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I am not as patient as Job, but I am willing to endure some obstacles along the path to my goals.  That willingness has served me well in many aspects of my life.  Considering the initial idea for my first novel was conceived almost a decade ago, I am proud of myself for seeing it through and writing it in its entirety.

Now comes the true test of my patience – trying to find an agent who thinks my story has enough merit for a publisher to be interested in adding me to their repertoire.

I have mentally prepared myself with the knowledge that this is going to be a long process.  It may take years to find an agent, if I do find one, and it will take a few more years beyond that for my book to be published.  It is a painstaking process that will require every ounce of faith I have in the fact that my book (or books) will, one day, be on a book shelf.

Between knocking on the intangible doors of those prospective agents (by means of email or website submissions), I have begun work on a second novel.  Success isn’t always about luck.  It’s also about tenacity and the willingness to put in the work.  Thankfully, I have my fair share of both of those qualities, not just in my writing but in my life in general.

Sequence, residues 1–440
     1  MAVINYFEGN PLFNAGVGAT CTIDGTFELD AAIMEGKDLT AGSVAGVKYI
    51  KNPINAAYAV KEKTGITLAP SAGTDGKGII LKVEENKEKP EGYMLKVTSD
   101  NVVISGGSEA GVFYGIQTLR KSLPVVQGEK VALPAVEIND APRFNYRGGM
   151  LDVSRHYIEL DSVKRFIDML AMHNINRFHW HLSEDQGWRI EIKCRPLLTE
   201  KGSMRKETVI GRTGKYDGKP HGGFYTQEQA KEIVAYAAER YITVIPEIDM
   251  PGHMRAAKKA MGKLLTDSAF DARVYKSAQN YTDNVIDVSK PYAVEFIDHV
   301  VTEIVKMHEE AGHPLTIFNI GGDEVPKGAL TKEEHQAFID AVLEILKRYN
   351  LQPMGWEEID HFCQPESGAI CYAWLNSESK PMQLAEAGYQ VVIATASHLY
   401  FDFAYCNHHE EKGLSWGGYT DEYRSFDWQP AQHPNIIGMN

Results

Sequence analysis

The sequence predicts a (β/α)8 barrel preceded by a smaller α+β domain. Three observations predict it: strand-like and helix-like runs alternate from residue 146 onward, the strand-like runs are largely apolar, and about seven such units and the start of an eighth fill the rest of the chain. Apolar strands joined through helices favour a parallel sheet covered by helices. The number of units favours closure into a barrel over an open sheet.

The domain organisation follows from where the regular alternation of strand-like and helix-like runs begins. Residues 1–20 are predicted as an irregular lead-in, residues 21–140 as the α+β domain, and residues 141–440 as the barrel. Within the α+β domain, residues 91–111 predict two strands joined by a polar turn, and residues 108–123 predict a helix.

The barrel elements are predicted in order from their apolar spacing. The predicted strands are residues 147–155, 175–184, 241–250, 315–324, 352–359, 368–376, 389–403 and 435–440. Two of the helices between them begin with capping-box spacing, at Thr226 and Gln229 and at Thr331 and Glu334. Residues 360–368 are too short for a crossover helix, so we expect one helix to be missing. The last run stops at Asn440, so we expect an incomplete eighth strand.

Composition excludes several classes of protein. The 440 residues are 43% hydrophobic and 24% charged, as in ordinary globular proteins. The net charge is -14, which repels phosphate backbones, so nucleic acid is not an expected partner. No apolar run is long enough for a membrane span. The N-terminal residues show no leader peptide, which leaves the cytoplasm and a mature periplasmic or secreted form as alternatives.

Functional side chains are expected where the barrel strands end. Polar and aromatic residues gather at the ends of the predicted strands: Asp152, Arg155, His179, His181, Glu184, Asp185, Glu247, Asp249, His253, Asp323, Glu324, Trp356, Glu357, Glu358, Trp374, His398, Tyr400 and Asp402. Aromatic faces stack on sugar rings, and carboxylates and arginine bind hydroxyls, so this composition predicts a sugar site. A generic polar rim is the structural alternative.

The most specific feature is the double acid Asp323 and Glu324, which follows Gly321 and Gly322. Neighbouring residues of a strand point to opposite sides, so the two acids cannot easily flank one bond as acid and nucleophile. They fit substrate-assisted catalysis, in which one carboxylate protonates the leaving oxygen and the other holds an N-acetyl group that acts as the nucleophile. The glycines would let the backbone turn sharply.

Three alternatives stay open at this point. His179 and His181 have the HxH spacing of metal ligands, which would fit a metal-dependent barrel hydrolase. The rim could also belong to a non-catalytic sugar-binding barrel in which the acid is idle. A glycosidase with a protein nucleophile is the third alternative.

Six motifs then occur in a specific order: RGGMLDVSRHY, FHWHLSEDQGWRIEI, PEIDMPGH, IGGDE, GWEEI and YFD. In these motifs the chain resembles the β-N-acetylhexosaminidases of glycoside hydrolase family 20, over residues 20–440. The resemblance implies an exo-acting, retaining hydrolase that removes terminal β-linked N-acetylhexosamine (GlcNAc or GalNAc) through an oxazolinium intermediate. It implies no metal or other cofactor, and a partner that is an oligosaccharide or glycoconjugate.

If something is worth working for and putting forth the effort, I am willing to fall back on my patience to see where my journey takes me.  Sure, it would be nice to have some luck on my side to open the right doors at the right times, but Lady Luck is a fickle creature and she does what she wants, when she wants.  I can’t spend my life depending on that luck, so I am hoping to create some of my own by keeping my tenacity at the forefront of my game.   This way I know, if Luck isn’t going to be that Lady, I at least have a back-up plan.

 

 

 

Just writing is just right

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I knew it wasn’t gone completely.  Lying dormant, somewhere in the back of my brain, was my drive to write.  It happens to me every autumn.  I begin to realize I have more time to write but, because the summer and fall are so much busier at work, I have been out of the habit of sitting down and writing every day.

With the lull of November upon us, I now have time to retrain my brain to generate the phrases that have been trapped in its confines and send them coursing through my fingertips onto my keyboard.  When I say coursing, I mean slow dribbles of words that may string themselves into a sentence, but it’s a start.